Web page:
This recipe is what I am often eating for lunch or dinner in the summer months. It is cool, healthy, filling, and will last all week. The variations for how to make this are essentially infinite. You can pretty much use any vegetable of your choosing. Here I stick with springy peas, asparagus, and edamame, but I often throw in some raw minced kale as well. I find that julienned mint leaves add a really fresh element to this dish if you happen to have some on hand, though I did not this particular time. You can also skip the citrus if that’s not your preference, but I find it makes the dish bright and even more crave-able. In fact, in this instance I even used lemon olive oil instead of plain, which gave the couscous a nice citrusy aroma. The goat cheese is completely optional, but let’s be honest, is there anything cheese doesn’t improve? There’s also no reason why plain greek yogurt, or a yogurt based sauce, wouldn’t pair just as nicely.
In any case, this is really just a simple, dressing free pasta salad! It would be great, I’m certain, tossed with a basil vinaigrette or with a drizzle of balsamic vinegar. But most often I simply scoop some of this into a bowl, drizzle it with a bit of good olive oil, add a sprinkle of flaky sea salt, and top it with a pinch or two of goat cheese. It’s got enough flavor and good, nutritional things in it that I don’t seem to get bored of this dish and find I can eat it happily all week long.
The proportions, as I’ve written this recipe, make a ton of pasta salad! If you wanted to start with simply one cup of couscous, you could just use half of your frozen and fresh vegetables and save the rest to toss into a stir fry or for some other purpose! As I said, it’s very customizable and couscous is the least fussy thing to prepare, so experiment away!
- 2 cups Couscous
- 2 TB Olive Oil
- 1 tsp Salt
- 1 box frozen Garden Peas
- 1 bag frozen shelled Edamame
- 1 bunch of Asparagus
- 1 shallot
- ¼ cup chopped Basil
- Zest and juice of 1 Lemon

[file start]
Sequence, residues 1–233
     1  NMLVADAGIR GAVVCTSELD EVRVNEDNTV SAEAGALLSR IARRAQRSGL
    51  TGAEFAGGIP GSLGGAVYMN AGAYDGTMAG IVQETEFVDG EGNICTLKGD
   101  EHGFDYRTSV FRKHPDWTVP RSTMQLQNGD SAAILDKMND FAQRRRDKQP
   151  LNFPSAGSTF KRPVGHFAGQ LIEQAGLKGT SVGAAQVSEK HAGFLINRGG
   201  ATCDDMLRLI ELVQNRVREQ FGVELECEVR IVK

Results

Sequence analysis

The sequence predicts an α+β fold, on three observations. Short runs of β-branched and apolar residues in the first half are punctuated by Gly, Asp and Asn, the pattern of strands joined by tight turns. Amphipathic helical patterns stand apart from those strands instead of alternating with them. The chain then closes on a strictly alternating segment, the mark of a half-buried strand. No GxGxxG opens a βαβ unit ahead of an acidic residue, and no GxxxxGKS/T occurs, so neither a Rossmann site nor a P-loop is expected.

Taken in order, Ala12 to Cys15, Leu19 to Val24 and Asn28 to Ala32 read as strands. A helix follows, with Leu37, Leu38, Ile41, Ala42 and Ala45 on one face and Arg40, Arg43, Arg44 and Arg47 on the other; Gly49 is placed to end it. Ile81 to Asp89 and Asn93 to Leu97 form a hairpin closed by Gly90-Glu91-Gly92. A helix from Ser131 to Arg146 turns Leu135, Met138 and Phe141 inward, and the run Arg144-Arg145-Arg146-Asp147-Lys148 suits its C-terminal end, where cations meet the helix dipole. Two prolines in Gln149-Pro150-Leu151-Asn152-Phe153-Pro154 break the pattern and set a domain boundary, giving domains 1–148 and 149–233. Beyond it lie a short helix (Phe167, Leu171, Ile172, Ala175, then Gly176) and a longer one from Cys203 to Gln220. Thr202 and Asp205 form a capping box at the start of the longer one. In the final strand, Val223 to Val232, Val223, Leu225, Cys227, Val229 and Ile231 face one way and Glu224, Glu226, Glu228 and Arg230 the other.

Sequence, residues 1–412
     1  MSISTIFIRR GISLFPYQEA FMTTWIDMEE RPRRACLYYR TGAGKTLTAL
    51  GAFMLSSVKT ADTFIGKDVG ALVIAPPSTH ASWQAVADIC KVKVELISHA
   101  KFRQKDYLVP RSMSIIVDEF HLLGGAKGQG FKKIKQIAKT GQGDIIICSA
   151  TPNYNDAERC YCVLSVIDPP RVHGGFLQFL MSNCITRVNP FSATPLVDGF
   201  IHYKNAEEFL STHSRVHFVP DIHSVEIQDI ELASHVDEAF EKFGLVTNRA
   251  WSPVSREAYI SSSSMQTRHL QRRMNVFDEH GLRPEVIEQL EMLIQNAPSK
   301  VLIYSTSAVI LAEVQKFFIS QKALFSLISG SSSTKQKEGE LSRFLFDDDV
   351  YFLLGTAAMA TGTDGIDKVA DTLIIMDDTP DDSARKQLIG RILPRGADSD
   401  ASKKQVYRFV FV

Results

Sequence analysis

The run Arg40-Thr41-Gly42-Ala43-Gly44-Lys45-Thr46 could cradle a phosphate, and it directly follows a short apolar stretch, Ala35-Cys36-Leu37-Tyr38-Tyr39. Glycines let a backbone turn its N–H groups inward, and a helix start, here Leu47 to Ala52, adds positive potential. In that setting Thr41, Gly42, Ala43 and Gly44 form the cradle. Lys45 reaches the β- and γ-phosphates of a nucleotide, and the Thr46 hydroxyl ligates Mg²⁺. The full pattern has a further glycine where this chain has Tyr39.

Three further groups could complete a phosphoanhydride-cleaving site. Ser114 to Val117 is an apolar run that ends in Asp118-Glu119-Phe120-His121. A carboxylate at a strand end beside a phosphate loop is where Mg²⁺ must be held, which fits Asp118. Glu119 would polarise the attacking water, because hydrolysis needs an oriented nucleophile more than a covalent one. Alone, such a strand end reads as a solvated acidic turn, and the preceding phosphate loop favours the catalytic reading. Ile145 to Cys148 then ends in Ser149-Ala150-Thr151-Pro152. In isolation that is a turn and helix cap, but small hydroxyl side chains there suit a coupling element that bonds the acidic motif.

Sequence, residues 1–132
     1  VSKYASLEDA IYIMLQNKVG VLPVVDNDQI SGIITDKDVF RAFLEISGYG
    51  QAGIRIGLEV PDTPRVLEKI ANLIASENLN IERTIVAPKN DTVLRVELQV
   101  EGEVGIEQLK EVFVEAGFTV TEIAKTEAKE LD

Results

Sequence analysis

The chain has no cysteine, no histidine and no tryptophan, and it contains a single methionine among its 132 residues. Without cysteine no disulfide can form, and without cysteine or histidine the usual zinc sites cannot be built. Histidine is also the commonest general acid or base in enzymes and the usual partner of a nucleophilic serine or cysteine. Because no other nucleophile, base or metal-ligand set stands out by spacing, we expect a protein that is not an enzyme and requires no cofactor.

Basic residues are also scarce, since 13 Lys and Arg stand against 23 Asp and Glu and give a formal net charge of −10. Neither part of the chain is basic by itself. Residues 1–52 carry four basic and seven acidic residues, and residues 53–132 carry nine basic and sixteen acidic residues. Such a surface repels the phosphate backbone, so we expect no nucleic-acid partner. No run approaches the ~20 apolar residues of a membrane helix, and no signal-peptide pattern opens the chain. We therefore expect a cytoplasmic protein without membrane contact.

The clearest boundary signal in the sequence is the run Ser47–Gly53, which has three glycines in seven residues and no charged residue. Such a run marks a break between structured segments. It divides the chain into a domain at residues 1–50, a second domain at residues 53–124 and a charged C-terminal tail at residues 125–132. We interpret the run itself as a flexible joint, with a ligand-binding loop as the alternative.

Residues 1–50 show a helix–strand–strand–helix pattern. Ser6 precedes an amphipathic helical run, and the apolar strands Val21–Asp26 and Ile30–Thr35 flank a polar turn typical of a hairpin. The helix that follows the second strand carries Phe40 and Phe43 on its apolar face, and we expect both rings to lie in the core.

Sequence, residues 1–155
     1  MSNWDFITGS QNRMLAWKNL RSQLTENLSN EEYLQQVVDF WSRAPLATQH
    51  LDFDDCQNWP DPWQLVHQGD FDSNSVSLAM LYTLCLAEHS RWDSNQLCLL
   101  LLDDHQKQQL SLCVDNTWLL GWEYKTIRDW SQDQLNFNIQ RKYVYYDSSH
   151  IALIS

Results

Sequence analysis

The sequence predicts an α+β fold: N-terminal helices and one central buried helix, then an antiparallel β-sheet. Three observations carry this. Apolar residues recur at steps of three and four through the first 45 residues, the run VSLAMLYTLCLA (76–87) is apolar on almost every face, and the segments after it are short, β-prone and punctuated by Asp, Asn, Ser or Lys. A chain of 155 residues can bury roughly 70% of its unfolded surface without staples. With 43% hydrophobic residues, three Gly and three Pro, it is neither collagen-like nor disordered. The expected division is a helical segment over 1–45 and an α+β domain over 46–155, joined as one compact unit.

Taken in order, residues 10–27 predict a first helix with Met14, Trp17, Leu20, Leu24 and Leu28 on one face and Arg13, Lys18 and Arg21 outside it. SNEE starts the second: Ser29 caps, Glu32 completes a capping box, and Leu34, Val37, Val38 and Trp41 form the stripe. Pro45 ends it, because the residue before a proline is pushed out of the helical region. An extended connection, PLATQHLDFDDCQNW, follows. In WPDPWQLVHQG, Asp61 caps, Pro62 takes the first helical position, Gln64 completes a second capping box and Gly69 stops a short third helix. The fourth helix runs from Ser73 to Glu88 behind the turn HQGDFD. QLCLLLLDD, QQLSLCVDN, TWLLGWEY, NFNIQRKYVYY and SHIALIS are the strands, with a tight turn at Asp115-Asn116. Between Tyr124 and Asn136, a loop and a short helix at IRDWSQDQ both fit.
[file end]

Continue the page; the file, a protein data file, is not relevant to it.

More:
- Goat Cheese to taste!
Bring two cups of water to a boil. Add in the teaspoon of salt. Add in your couscous and 2 tablespoons of olive oil, stir quickly and then immediately cover the couscous with a lid and turn off the heat. Leave covered for a full 5 minutes, until all liquid is absorbed and the couscous is fully cooked. Once cooked, use a fork to fluff the couscous gently until it is completely loose and there are no large, solid chunks.
While the couscous is cooling down, get a large pot of salted water boiling for the vegetables. While you wait for the water to boil, you can prepare your ice bath by filling a bowl with ice and chilled water.
Once the water is boiling, add in your frozen edamame and peas. The packages for these both recommend around 5 minutes of cooking time. I allow the water to come back to a boil, and then wait about 3 minutes before adding in my fresh asparagus. Allow to come back to a boil, wait 2 minutes, and then immediately drain and dump the vegetables into the ice bath.
Stir the vegetables in the ice bath to insure they are fully cooled down. This process is called shocking and will ensure that the vegetables keep their nice bright green color for longer. If the ice isn't cold enough, you can also cool the vegetables by rinsing continually with cold water.
Drain the shocked vegetables and set aside.
Zest your lemon and add the zest to the fluffed, cooled couscous.
Add the vegetables to the couscous and stir thoroughly.
Julienne the basil and add it to the couscous.
Finely mince one shallot and add it to the couscous.
Squeeze the juice of your lemon over the couscous (being careful not to add in any accidental seeds) and stir until fully incorporated. Add salt and pepper to taste. Optional: you could also add a good splash or so of olive oil.
To serve: add desired amount of couscous to a bowl, top with a drizzle of olive oil, pinch of sea salt, and fresh goat cheese.